Today’s special guest of honor is a one-of-a-kind dish you can’t help but love; the perfect blend of spices, love, and South African flavor –Bunny Chow! Bunny Chow is a popular South African street food; a sandwich made from a hollowed-out loaf of bread filled with a flavorful curry, made with vegetables or meat.
It is a simple dish to prepare. All you need is the base of a delicious Bunny Chow stew and a freshly baked unsliced bread loaf with a soft center. To make it, cut the top off the bread, create a rectangle in the base, scoop out the inside to create a hollow, fill it with the curry, and voila! You have yourself a Bunny Chow!
Now, I know you’re probably thinking, “BUNNY?! Relax. There are no bunnies or rabbits in the Bunny Chow recipe. The meat can be any protein of choice, such as lamb meat, chicken, or beef. If you use chicken, it will be “chicken bunny chow,” – if you use lamb meat, it would be “lamb bunny chow.” And if you use only veggies, the Bunny Chow would be vegan.
With that cleared up, I know the next thing on your mind is, “so why is it called “Bunny” Chow?” Well, it would interest you to know that the “bunny” in Bunny Chow is a variant of the Indian word “Bania,” meaning merchants, used to address the Indian merchants who first sold this street food in South Africa. They were initially called “Bania” men, later anglicized to “Bunny” men, and finally, from “Bunny” men came “Bunny Chow!”
The South African Bunny Chow is an iconic dish with humble beginnings. And for South Africans, it is more than just a dish; it’s a heritage, a tribute to South Africa’s rich history. It originates from the biggest city in South Africa, Durban, and dates back to the 20th century.
There are many stories about the origin of this dish. However, the most outstanding describes it as a convenient and portable meal for Black people under apartheid during South Africa’s 20th-century system of racial separation.
Apartheid laws forbade Black South Africans from dining in restaurants with Whites. So to accommodate this, Bunny Chow was birthed as a way of selling food to them. It served as the perfect dish as the bread served as a container, eliminating the need to return anything after eating. Black folks would order takeout Bunny Chow through the back doors of restaurants and have a good filling at the end of the day.
The second tale suggests migrant Indian barnias brought to South Africa as indentured servants to work on sugarcane fields in Durban invented Bunny Chow out of necessity for a convenient and portable way to carry their lunches to the sugarcane fields. These workers came up with the idea of filling a hollowed-out loaf of bread with their vegetarian curries. Later, the dish evolved to include meat-based fillings, making it even more satisfying.
Over time, bunny chow has become a popular street food and a hearty, flavorful staple of South African cuisine.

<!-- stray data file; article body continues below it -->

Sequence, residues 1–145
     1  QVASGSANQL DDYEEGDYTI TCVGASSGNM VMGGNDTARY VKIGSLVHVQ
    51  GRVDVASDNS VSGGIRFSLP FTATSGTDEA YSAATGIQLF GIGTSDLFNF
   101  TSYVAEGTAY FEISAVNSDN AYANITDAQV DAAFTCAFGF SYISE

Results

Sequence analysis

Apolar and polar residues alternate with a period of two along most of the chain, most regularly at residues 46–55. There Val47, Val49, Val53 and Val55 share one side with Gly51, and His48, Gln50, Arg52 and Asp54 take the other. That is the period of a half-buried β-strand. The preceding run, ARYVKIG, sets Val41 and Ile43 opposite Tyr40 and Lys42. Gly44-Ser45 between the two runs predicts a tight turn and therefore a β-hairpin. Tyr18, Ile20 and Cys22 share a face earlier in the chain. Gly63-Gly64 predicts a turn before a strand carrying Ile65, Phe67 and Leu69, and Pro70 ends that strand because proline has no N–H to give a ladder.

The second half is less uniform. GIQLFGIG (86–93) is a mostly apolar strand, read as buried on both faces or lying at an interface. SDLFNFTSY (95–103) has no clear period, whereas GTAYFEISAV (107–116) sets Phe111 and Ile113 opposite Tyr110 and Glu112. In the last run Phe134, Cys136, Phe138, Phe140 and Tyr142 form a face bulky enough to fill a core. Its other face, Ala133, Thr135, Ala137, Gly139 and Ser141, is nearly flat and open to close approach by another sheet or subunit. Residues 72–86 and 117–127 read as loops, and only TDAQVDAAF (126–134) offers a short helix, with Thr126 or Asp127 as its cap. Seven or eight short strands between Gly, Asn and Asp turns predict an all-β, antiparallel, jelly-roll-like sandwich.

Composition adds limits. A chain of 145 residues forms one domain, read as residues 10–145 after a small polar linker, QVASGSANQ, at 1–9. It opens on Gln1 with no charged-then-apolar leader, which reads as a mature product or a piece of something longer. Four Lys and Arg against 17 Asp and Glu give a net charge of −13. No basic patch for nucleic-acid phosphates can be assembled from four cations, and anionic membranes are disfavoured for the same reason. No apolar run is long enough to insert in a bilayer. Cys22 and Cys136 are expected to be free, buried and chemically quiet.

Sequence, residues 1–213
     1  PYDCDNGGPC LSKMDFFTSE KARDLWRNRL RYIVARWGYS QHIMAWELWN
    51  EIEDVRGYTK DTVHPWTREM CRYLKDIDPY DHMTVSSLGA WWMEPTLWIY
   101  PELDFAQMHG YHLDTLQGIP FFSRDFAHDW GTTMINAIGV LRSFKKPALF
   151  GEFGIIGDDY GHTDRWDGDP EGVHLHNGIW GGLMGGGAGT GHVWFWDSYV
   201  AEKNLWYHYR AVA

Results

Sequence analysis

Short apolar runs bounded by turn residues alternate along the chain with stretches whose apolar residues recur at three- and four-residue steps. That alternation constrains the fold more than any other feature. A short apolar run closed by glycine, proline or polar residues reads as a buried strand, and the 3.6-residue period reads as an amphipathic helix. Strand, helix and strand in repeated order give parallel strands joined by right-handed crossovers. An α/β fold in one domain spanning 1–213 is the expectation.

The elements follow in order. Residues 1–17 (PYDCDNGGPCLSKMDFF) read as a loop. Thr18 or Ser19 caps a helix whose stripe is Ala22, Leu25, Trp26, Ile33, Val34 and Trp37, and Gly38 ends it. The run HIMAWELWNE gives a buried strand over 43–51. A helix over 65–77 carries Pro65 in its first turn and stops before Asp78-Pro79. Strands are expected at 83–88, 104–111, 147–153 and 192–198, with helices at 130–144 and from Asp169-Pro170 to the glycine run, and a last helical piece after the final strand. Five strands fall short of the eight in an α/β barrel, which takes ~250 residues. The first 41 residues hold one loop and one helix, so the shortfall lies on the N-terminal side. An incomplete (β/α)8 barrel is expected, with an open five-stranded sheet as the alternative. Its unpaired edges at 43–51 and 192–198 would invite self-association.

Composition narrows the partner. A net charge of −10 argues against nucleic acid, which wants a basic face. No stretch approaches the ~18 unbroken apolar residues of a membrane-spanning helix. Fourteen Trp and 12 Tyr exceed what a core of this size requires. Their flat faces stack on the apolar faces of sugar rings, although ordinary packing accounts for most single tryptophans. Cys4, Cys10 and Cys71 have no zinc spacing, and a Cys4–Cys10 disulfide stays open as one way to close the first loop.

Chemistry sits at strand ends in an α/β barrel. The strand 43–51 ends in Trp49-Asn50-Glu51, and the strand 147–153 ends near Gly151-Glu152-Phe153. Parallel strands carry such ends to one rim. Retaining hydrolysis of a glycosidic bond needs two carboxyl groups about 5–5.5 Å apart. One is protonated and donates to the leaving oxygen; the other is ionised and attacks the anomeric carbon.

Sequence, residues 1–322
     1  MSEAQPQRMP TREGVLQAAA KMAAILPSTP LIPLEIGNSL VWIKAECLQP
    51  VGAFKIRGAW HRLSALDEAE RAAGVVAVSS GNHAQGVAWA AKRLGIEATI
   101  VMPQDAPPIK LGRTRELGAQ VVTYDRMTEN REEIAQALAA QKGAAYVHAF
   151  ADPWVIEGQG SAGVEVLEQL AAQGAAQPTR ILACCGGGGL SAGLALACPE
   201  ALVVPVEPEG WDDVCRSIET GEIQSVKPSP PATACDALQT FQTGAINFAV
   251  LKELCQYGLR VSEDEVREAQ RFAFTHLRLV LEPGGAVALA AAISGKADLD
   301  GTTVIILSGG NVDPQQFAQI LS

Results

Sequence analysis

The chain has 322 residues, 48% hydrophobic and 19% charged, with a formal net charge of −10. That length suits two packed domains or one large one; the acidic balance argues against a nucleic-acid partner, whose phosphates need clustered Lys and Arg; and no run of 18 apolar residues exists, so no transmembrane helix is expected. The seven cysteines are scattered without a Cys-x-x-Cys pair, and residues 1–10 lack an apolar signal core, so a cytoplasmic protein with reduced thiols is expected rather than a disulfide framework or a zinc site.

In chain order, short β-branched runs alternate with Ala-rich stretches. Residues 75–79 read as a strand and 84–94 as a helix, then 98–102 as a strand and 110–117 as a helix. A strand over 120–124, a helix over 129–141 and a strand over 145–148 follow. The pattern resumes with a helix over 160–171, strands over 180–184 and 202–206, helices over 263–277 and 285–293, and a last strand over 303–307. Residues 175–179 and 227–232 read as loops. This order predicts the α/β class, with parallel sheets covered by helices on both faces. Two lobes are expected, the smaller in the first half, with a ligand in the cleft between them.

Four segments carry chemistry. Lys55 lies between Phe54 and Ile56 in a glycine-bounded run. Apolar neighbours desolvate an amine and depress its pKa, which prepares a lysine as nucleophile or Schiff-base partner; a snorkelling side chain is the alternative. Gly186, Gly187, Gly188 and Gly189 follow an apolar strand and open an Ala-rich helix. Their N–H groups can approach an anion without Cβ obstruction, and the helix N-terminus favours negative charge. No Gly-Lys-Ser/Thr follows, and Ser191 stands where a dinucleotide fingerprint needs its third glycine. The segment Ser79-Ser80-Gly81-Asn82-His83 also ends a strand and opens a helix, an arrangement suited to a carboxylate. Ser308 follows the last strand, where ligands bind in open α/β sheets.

Whip up a delicious Bunny Chow with EatMee Recipes, a popular food channel founded by South African chef Denisiya Hemraj. With Denisiya’s extensive culinary skills and passion, they offer easy-to-follow recipes and valuable expert tips, making cooking fun and accessible for all.
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How to make Bunny Chow
- 2 medium-sized bread loaves
- 1 kg boneless lamb, chicken or beef, diced into bite-sized pieces
- 2 medium-sized onions (chopped)
- 2 cloves garlic (minced)
- 3 green chillies (sliced)
- 2 tablespoons curry powder
- 1 teaspoon turmeric
- 1 teaspoon cumin
- 1 teaspoon coriander
- 1 teaspoon chili powder (optional)
- 2 large cinnamon sticks
- 4 medium sized tomatoes (blended)
- Salt and pepper, to taste
- ½ cup Vegetable oil
- Fresh cilantro, chopped (optional, for garnish)
To make the curry:
- In a large saucepan, heat vegetable oil over medium heat.
- Add in the chopped onions, minced garlic, and green chillies and saute until the onions are translucent.
- Add your spice mix, including curry powder, turmeric, chili powder, cinnamon sticks, cumin, and coriander and stir.
- Add diced meat and cook for about 10 minutes until browned on all sides.
- Pour in the blended tomatoes and pepper, and stir.
- Reduce heat and let the mixture simmer for 30 minutes or until the meat is tender.
Now, for the Bunny Chow proper;
- Get your unsliced loaf of freshly baked bread, cut off the top, then cut out a large rectangle in the larger portion of the bread and carefully hollow out the bread, creating a bowl-like shape.
- Fill the bread bowl with the flavorful curry mixture.
- Serve hot and garnish with chopped cilantro (if desired) and enjoy your delicious and authentic Bunny Chow!
For my vegan friends, you can enjoy a delicious and hearty Bunny Chow with a twist. Simply replace the meat in this recipe with your favorite mix of vegetables such as chickpeas, green peas, carrots, and potatoes. Cook until the veggies are tender and savor the rich flavors of the Vegan Bunny Chow.
South African Bunny Chow is traditionally eaten with your hands and without utensils, unless eaten in foreign restaurants. To savor the full experience, carefully tear off pieces of bread and scoop the curry for each bite. The combination of soft bread and savory curry makes for a unique and fulfilling dining experience. But be careful not to get messy as you immerse yourself in the flavors of Bunny Chow.
Read Also: Recipe: Hearty & Simple Githeri Recipe (Kenyan Corn & Beans)
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